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#1 2017-03-05 21:15:38

ScutBoy
Member
Registered: 2014-05-25
Posts: 157

New to me...

This came home with me yesterday from the FreeGeek. First TRS-80 I've owned.

Works great, and very clean - came with the original dust covers!

Now I'll have to see how far their BASIC diverges from Applesoft/Integer BASIC smile


Model_III.jpg

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#2 2017-03-05 21:29:41

jt
Member
From: Bermuda Triangle, NC USA
Registered: 2014-05-21
Posts: 1,406

Re: New to me...

Sweeeet!

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#3 2017-03-06 18:07:07

mcdermd
Member
From: Corvallis, OR
Registered: 2014-05-12
Posts: 962
Website

Re: New to me...

Real Nice! Score with the dual-drive model. 48k RAM? Those manuals look nice too.

Mine came from the dumpster! When I first got it, it immediately smoked a cap in the PSU. The office smelled for days.

Last edited by mcdermd (2017-03-06 18:09:20)


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#4 2017-03-06 19:37:39

Eudimorphodon
Member
Registered: 2014-09-02
Posts: 525

Re: New to me...

ScutBoy wrote:

Now I'll have to see how far their BASIC diverges from Applesoft/Integer BASIC smile

If you ever used BASICA/GW-BASIC on an MS-DOS machine Tandy BASIC will feel much closer to that than either Apple BASIC, but of the two it's more closely related to Applesoft. Compared to Applesoft it's mostly blessed with more and better string functions, and also sticks closer to generic Microsoft BASIC-80/MBASIC command syntax while Applesoft was munged to make it somewhat more compatible with Integer.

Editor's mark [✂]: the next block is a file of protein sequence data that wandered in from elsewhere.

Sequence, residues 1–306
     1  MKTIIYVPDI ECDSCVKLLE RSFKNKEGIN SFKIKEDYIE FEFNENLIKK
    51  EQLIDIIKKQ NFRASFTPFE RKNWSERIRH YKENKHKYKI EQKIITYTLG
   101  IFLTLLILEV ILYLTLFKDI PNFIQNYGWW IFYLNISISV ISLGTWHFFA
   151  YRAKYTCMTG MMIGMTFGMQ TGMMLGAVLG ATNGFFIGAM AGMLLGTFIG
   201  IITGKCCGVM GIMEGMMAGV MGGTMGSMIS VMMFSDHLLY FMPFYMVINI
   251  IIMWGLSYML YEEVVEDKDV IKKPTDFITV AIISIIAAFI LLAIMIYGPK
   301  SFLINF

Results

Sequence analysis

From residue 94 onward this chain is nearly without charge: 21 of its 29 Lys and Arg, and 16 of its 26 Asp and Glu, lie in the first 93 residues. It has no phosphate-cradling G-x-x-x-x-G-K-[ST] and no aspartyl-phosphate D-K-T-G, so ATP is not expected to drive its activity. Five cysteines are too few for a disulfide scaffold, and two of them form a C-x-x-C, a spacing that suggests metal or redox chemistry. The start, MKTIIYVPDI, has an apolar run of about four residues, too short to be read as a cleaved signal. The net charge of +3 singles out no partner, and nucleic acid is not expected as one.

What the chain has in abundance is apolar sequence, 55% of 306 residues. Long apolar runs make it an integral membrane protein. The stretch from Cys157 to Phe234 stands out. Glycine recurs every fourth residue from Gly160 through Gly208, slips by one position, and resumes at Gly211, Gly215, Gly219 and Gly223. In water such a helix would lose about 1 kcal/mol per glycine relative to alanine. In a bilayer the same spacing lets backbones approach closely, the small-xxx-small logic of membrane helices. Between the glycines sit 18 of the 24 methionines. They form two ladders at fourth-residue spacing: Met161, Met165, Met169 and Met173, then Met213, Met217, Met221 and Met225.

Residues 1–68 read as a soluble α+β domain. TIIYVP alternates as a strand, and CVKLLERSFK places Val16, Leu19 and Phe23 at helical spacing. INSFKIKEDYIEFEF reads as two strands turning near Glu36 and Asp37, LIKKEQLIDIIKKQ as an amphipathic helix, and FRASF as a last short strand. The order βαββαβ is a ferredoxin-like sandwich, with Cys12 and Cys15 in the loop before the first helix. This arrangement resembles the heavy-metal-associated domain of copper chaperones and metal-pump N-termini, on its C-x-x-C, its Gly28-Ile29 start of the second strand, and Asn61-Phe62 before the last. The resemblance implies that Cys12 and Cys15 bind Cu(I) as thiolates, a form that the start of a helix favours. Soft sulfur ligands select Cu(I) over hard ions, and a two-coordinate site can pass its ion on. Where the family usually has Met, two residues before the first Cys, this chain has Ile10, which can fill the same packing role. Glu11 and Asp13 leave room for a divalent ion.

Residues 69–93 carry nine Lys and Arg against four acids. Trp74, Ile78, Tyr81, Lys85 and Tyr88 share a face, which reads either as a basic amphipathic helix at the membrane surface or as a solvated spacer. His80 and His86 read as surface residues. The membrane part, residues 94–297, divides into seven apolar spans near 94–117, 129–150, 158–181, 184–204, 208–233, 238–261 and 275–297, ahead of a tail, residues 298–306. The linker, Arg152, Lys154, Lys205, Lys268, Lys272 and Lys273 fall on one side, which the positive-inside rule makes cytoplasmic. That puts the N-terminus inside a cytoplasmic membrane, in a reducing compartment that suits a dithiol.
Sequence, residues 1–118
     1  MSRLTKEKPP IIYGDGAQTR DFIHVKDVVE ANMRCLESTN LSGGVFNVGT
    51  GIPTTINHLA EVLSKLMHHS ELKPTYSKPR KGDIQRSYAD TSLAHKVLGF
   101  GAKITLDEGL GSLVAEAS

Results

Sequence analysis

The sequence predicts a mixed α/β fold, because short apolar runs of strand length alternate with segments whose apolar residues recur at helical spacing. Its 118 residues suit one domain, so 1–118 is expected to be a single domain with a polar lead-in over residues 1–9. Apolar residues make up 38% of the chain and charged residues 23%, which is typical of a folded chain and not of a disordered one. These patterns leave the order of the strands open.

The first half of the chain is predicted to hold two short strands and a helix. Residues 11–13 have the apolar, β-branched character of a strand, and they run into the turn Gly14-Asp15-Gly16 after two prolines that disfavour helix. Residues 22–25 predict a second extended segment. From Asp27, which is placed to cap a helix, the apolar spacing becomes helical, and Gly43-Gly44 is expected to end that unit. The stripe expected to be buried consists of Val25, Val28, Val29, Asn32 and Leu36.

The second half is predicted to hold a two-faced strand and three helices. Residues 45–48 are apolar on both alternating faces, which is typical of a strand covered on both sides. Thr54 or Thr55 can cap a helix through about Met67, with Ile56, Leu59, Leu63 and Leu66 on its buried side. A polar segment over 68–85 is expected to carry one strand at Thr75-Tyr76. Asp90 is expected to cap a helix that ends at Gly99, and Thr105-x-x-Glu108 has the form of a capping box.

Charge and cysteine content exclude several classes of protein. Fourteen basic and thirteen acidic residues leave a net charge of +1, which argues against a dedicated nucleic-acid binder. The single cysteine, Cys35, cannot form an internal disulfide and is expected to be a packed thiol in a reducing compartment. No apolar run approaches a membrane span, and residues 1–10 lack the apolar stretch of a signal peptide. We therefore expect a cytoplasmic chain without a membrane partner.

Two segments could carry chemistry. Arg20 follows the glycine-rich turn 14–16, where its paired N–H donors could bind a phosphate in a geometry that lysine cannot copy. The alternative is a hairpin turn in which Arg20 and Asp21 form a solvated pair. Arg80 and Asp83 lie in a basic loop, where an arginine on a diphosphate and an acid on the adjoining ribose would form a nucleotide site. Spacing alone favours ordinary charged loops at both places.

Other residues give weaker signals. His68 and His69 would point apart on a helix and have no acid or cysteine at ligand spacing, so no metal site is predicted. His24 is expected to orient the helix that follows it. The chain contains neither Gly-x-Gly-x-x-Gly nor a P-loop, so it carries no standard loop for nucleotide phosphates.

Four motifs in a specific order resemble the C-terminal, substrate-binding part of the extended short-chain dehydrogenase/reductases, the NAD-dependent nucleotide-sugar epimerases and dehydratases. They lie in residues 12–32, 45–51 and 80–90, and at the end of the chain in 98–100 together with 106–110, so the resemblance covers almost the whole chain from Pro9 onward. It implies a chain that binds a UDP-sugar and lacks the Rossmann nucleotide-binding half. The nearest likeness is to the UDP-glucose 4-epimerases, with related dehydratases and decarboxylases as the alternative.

Hope you have fun with it. I've never managed to get my paws on a Model III, myself. I have a Model I and a pair of Model 4s (A 4 and a 4P, actually), so technically I don't suppose I'm missing much because the 4 can do everything the III could and the III didn't do much a I couldn't do. But I do love the silver paint job; Tandy went over to the dark side when they made the 4 white.


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#5 2017-03-06 21:36:39

ScutBoy
Member
Registered: 2014-05-25
Posts: 157

Re: New to me...

mcdermd wrote:

Real Nice! Score with the dual-drive model. 48k RAM? Those manuals look nice too.

Yes - dual drives and 48K. The cassette player looks almost brand new - hopefully I'll never have to use it; I remember the bad old days of cassette software on my Apple ][ wink

Due to the law of accumulation, I may now inherit a basket-case Model 1 with Expansion Interface from a friend who saw this and said "I didn't know you liked these things..." According to him its filthy and hasn't worked in years "but all the pieces are there" which according to him means monitor, Expansion box, and two floppy drives. I guess we'll see...

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#6 2017-03-06 23:09:17

jt
Member
From: Bermuda Triangle, NC USA
Registered: 2014-05-21
Posts: 1,406

Re: New to me...

Thank the great Finagle I'm not tempted by these beasts (very much roll) in today's world. I've been researching a good Basic/Compiler to use on my Orange pi ONE and running across scads of incendiary blather about how learning Basic ruins the minds of young programmers for learning anything  .  .  .  dunno, but by context I'd have to say "useful?" That goto should have been sent straight to along with it seems to be the consensus of this new crop of mavens. I cut my digital teeth programming in basic on the Model III  .  .  .

.  .  .  could that be what happened to me? lol

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#7 2017-03-07 01:31:15

Eudimorphodon
Member
Registered: 2014-09-02
Posts: 525

Re: New to me...

ScutBoy wrote:

According to him its filthy and hasn't worked in years "but all the pieces are there" which according to him means monitor, Expansion box, and two floppy drives. I guess we'll see...

Heh. If it's too much of a steaming pile for you to deal with hit me with an IM or something, I might be interested in buying it off you to use as a parts unit for mine. Mine works, but it's... very well loved and feeling pretty brittle anymore, particularly the keyboard.